5. I took this at the first Mass of a newly ordained deacon. I chose it for many reasons. First, because it shows a special ministry and the service which is part of it: proclaiming the Gospel. Second, (in the photo) it is as if the deacon was walking straight to Jesus, though it is a bit of an optical illusion since the statue was on the side of the altar and not to the actual place he was processing. But lastly, this deacon will be ordained a priest this coming week and will celebrate his first Mass on the Feast of the Holy Trinity. Congratulations to (soon-to-be) Fr. Marcus Fryer, SJ!!
6. This icon is exquisite. It is called Hagiography Icon Holy Virgin Mary With the Apostles at Pentecost and it comes from Santiago de Chile. I loved it the moment I saw it because it captured what I was trying to say in the last paragraph. We are one Church, filled with the Spirit. The tongues of fire are falling upon the entire world in this beautiful, vibrant icon and Mary is at the center, interceding for all of us. It is magnificent! If you are interested in obtaining a copy, you can find it at http://nioras.com/product_info.php/hagiography-icon-holy-virgin-mary-with-the-apostles-pentecost-santiago-chile-p-93775.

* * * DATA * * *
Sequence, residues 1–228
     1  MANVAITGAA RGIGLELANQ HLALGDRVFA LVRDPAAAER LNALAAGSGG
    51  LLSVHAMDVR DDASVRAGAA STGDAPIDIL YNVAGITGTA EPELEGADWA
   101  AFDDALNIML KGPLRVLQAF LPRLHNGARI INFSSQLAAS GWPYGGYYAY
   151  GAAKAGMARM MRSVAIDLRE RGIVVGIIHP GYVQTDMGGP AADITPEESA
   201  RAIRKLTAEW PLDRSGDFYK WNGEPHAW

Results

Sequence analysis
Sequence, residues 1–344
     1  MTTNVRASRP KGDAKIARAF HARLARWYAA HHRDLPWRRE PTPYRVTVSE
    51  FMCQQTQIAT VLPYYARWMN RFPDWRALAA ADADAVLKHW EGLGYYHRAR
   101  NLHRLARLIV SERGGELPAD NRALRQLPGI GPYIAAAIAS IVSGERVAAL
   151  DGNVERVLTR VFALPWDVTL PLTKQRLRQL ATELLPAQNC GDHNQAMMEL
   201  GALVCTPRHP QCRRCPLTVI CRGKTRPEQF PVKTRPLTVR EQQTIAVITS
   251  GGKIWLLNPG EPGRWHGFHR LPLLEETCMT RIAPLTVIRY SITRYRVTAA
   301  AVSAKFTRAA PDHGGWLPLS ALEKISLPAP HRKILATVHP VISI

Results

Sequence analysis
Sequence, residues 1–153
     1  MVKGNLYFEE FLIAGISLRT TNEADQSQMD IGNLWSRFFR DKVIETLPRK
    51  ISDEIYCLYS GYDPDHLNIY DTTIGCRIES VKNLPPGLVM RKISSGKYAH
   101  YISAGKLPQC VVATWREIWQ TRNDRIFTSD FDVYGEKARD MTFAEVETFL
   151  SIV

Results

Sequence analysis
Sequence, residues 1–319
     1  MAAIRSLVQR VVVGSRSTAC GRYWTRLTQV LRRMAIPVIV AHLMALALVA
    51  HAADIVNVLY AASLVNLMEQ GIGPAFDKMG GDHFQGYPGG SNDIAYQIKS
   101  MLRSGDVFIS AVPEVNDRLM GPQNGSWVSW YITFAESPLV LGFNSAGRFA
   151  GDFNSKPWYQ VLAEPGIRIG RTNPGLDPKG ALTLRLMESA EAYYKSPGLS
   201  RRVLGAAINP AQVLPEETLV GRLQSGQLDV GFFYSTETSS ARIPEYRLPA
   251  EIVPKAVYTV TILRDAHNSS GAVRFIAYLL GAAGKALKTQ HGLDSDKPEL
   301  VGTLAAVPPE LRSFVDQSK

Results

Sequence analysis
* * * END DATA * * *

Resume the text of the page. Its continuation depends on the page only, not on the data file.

7. This image is part of a larger work by Fr. William Hart McNichols: it is called Viriditas Triptych. I chose it because the Holy Spirit desires unity, for the Church to be one, just as the tongues of fire are seen surrounding the entire globe. All that is created is renewed in the Holy Spirit and grace is offered to all. If you would like to obtain a copy for purchase in one of many different mediums, this triptych can be found at https://fineartamerica.com/featured/viriditas-triptych-william-hart-mcnichols.html. The larger work to which it belongs can be found at https://fineartamerica.com/featured/viriditas-finding-god-in-all-things-william-hart-mcnichols.html
Heart Speaks to Heart